Friday, December 10, 2010

The Advantages of French Milled Soap

Have you heard of French Milled Soap? Or have you tried French Milled Soap and are wondering what the advantages of using this type of soap? Here is an article, titled The Advantages of French Milled Soap by Tricia Ballad, eHow Contributor explains what the advantages of using this type of soap and why it is beneficial to make soap by this technique. I have never made soap by this technique before but I am sure there are some benefits in making soap this way and would like to some day give it a try.

Since I have not received a soap made by this technique before I cannot say if I like it or not. But according to the author, a bar of soap made by this process last longer than a regular glycerin melt and pour soap. I am sure that would be true. If I ever find a bar of soap made by this process in the store, I would like to purchase one just to give it a try.

Has anyone tried to make a bar of French Milled Soap or have purchased one? Let me know what you think.

15 comments:

Anne-Marie said...

I've used French Milled soap and yes, it is harder but I also notice that it's less moisturizing. Rebatch soap would be a close cousin but not exactly the same process as the traditional French Mill. I love a good rebatch soap ...

kathyinozarks said...

I have purchased the french milled soaps and at huge discounts from a chain store called tuesday morning. the soap does last a very long time, I love it, very creamy too, my favorite is a big bar of lavender french milled soap from France

OaklawnM4M - Rick Wagner said...

I've used the French Milled method in order to produce small controlled batches instead of having to do an entire batch of 21 cold-pour bars that I usually do. Milled are longer lasting than melt and pour but not as long as the true cold-pour bars..

Truly give new meaning to the use of KitchenAid mixers for milling.

Soap Crafter said...

Thanks for letting me know about the link. IT is now fixed. I really appreciate all of your feedback.

Julie said...

I have made 4 batches of french milled soap and was finally able to try it for the first time. I love it. French milling gets a bad rap. Just make sure to grind the soap in a coffee or spice grinder, use a crock pot, and the right amount of soap. I plan to put up some recipes soon on my blog http://theurbanhomestaed.blogspot.com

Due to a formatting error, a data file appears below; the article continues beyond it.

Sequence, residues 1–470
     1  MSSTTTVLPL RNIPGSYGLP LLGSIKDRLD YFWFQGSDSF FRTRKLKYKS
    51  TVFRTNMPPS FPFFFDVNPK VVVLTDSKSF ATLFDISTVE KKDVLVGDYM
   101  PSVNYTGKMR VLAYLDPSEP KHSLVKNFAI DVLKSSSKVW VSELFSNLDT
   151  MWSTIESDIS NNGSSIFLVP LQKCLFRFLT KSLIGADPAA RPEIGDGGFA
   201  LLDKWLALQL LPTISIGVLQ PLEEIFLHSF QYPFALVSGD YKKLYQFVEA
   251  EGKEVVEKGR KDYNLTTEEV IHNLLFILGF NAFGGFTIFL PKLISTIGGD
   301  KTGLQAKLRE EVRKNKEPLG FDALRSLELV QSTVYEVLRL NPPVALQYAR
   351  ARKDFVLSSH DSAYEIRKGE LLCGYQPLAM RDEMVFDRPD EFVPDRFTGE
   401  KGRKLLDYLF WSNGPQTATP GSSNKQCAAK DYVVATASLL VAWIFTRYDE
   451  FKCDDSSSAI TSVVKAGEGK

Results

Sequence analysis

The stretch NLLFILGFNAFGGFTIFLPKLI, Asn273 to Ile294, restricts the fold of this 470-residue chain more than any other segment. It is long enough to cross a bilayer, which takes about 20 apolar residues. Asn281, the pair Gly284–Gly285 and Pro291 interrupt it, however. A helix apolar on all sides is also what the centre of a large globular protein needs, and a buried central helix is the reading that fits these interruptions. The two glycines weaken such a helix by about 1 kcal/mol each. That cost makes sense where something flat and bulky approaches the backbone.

OaklawnM4M - Rick Wagner said...

Ok, so others can understand the difference.. can you describe Rebatch vs. French Milling

Best I understood, you grate up colorless, scentless pre-made cold pour soap..

Then you add color, scent, super-fatting oils and a small amount of water.. Melt it all down and pour in molds.. End result is a base color with light speckles in it and best of all you can do this with precious essential oils that would normally be destroyed during the ultra high heat from the cold-pour chemical reaction.

Is this called French Milling or is it called Rebatching.. If I remember correctly the Soapanifier monthly magazine referred to this as FM many years back and I want to know if I understood this incorrectly.

It was my understanding that this process allowed the designer to use more delicate ingredients while still providing a great product.

Soap Crafter said...

Too be honest I really do not see the difference between the 2. To me the terms are interchangeable. If someone knows otherwise, please correct me.

Soap Crafter said...

I think the French Milled version maybe also referred as tripled milled.

Soap Crafter said...

Here is a video tutorial that should you have to make handmilled soap.

http://www.ehow.com/video_4437807_hand-homemade-lye-soap-making.html

Soap Crafter said...

Here are instructions on how to make handmilled or triple milled soap.

http://www.ehow.com/how_5533974_make-milled-hand-milled-soap.html

OaklawnM4M - Rick Wagner said...

Ok Soap Crafter, tell us, after watching the video what's your take on it all?

OaklawnM4M - Rick Wagner said...

One of the things I like about the milling concept is the ability to make very small batches of soap bars and you can even experiment in different kinds of molding methods too.. I used to dump the goop into a PVC Pipe to set. then put it in my freezer, bomk it a couple times on the patio and the tubular log comes out.. then slice with a wire and you have some really cool round bars.

Soap Crafter said...

Well, I would like to try it some day. Although, my first concern is acquiring soap to shave down. I would hate go through CP and then have to process it again. So I would probably get some opaque castille soap from Trader Joe's and go from there.

OaklawnM4M - Rick Wagner said...

Rick Wagner's NO FAIL SOAP Recipe
(from the www.MysticWays.com online Wiki Database)

Ok, real simple I’ll pass it on to you.. This is the class I used to give at my old brick & mortar store... I’ll also put a copy of it up on here since it’s time overdue.. I used to love giving these classes on weekends.. The most fun was when I started talking about soaps, and surfactants and breaking the surface tension of water to remove dirt. I used to fill a bowl of water then sprinkle pepper on it.. Then I has someone in the class add one drop of dish detergent and listened to the crowd ohhhh and ahhhhh as the pepper suddenly fell to the bottom of the bowl. The class was amazed to learn how soap really works...

http://mysticways.wiki.zoho.com/Rick-Wagners-NO-FAIL-SOAP-Recipe.html

Soap Crafter said...

Thanks Rick. I appreciate the info. I will have to take a look at the link u provided.